The recent flare-up in Gaza got me thinking about Miriam Schaffer – Our Heroine in Doha 12 – and her connection to that troubled area. Her experience ties directly into the history of women in Israel’s armed forces.
We’ve all heard the stories of Israeli female warriors during the 1948 War of Independence, and Israel has made a point of telling the world it drafts its women as well as its men. What isn’t as well known is that women were banned from taking combat positions in the Israel Defense Forces (IDF) following the 1948 war, and from then until 1995 were relegated to “combat support” roles as clerks, secretaries and drivers. In a martial society such as Israel’s – where success in the IDF translates directly into success in the civilian world and the Army serves as the ultimate networking opportunity – this separation was a significant drag on women’s advancement in society. (Golda Meir was very much an anomaly.)
In 1994, Alice Miller, a 23-year-old aeronautical engineer and Israeli Air Force (IAF) officer from South Africa, sued for the opportunity to enter IAF flight training. Israel’s High Court of Justice agreed in November 1995 that barring Miller from competing to be a combat pilot was discriminatory and illegal. As a result, the IAF (and, slowly, the rest of the IDF) opened up to combat postings for women. In 2000 the Military Service Law was changed to read, “The right of women to serve in any role in the IDF is equal to the right of men.”
According to the IDF, women now make up a third of military personnel and can enter 90% of specialties, including artillery, search and rescue, the Field Intelligence Corps, the K9 special forces unit Oketz, and the infantry (the Caracal light infantry battalion). More importantly, women now make up 51% of career officers (the ones who go on to become politicians and CEOs).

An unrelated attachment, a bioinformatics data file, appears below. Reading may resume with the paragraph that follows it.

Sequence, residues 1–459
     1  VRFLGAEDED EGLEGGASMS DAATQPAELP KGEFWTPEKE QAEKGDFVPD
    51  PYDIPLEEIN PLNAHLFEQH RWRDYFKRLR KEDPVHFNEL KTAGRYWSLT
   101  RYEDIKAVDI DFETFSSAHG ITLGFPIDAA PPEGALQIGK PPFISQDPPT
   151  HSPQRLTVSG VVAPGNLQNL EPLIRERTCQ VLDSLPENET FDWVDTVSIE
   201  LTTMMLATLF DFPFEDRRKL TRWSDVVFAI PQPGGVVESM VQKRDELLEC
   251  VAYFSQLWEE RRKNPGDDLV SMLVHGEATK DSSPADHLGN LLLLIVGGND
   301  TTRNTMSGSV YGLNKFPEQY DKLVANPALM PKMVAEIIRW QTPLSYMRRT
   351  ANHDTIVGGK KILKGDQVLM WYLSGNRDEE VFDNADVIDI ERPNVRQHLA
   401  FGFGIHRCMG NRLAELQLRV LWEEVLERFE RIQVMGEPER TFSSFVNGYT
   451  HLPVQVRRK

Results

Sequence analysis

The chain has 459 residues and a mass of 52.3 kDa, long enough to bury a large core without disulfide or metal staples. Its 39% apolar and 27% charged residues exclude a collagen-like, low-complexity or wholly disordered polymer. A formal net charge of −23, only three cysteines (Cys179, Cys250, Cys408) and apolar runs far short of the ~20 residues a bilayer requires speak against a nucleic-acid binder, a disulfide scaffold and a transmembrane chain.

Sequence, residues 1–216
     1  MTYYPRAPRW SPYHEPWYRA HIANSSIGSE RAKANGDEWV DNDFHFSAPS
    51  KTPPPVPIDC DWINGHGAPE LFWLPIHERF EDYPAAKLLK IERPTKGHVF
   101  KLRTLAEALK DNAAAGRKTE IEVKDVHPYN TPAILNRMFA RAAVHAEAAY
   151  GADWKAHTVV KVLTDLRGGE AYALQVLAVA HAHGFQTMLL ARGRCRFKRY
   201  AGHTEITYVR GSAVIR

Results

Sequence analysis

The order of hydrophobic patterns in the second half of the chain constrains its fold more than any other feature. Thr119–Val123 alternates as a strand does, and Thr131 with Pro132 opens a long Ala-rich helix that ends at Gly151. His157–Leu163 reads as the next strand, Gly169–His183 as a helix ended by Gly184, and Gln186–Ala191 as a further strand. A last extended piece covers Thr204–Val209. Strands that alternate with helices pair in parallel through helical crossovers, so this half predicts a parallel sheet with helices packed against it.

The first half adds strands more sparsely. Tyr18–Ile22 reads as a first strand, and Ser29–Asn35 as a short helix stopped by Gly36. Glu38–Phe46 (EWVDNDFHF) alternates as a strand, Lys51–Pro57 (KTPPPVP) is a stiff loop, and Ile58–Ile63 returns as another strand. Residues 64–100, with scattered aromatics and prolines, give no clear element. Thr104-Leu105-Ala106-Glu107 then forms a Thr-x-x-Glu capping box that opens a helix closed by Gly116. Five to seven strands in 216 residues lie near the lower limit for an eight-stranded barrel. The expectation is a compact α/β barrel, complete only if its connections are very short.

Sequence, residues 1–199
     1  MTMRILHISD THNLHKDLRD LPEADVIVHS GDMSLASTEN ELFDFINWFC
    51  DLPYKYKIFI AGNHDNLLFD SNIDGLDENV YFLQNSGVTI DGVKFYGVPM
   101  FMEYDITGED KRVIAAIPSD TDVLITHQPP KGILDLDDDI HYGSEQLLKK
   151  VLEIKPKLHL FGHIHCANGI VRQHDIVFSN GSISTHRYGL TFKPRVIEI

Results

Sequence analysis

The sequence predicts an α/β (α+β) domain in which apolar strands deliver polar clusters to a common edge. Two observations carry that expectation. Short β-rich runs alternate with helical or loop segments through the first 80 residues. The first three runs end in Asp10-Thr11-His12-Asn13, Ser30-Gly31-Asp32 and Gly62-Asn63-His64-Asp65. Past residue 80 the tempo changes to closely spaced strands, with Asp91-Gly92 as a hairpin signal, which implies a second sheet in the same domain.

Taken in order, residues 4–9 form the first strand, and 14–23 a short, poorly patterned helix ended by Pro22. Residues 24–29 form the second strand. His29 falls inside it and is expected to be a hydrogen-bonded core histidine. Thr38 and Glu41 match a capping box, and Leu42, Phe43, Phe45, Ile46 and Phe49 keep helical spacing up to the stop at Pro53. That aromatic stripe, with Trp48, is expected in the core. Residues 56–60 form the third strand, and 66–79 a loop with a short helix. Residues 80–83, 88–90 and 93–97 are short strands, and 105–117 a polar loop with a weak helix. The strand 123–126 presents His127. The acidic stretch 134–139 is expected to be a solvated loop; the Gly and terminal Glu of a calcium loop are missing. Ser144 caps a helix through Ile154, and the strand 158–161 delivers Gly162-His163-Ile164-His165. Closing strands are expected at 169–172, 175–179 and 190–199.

So where does Miriam come in?
Back in 1994, when then-Miryam Gottesman turned eighteen on her hated kibbutz in the far north, Alice Miller had yet to shake up the IDF’s policy on women in combat. There was, however, one exception. I’ll let Miriam tell it:
“I wanted to fight. It was 1994, women weren’t allowed in combat in the Army yet. The recruiter said, ‘I can get you a nice clerical job in Zefat, you can visit your family on weekends,’ and I said, ‘I want to get as far from here as I can, what do you have?’ He had the Border Police. I spent three years in Gaza.”
The Border Guard, or Magav, is like a more militarized version of our Border Patrol. It has the same training as the Israeli Army, wears the same uniforms and carries the same weapons. It’s basically light infantry with police training and without the benefits of artillery or air support, and has been called on to fight alongside the IDF during Israel’s various wars. For a healthy, strapping farm girl like Miriam with lots of unsorted aggression issues to work out, it was the perfect place to land. Especially in Gaza – unruly at the best of times and often in a state of near-rebellion – and she got to crack her share of heads. She’d have been happy to keep serving, but in 1997 she wrecked her knee in a fight with a Hamas scout. Instead of being made an instructor, she was sidelined into the office of Magav’s chief legal counsel as a secretary, fulfilling a more “traditional” woman’s role in the IDF. She left in 1999, married a gentile American Marine and moved to America.
What would Miriam think of this latest dustup? She’d have some choice things to say about the militants who fire rockets into Israel (her father was killed by a Hezbollah rocket) and would be happy to shoot any who came within range. Had she stayed on the border, though, and seen close-up the rising wretchedness and desperation of Gazans trapped between the Hamas government and the Israeli blockade, she probably would have mellowed in her feelings towards the ordinary Palestinians caught up in the unending conflict. Growing up wedged between the IDF on one side and Hezbollah on the other, she knew all about being stuck between two hard places.
Check this article (sorry about the source) for an extremely admiring look at women in Magav. This more recent article discusses a problem that would make Miriam vein-popping livid: the potential marginalization of female soldiers as more Haredim are drafted into the IDF.